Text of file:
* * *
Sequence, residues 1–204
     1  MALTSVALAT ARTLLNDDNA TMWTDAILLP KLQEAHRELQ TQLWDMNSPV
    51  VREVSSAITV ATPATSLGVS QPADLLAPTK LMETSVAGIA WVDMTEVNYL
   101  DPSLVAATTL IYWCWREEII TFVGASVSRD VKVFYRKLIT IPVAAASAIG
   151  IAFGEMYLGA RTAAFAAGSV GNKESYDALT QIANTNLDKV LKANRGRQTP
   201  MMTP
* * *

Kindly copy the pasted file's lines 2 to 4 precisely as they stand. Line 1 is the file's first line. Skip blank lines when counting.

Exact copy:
     1  MALTSVALAT ARTLLNDDNA TMWTDAILLP KLQEAHRELQ TQLWDMNSPV
    51  VREVSSAITV ATPATSLGVS QPADLLAPTK LMETSVAGIA WVDMTEVNYL
   101  DPSLVAATTL IYWCWREEII TFVGASVSRD VKVFYRKLIT IPVAAASAIG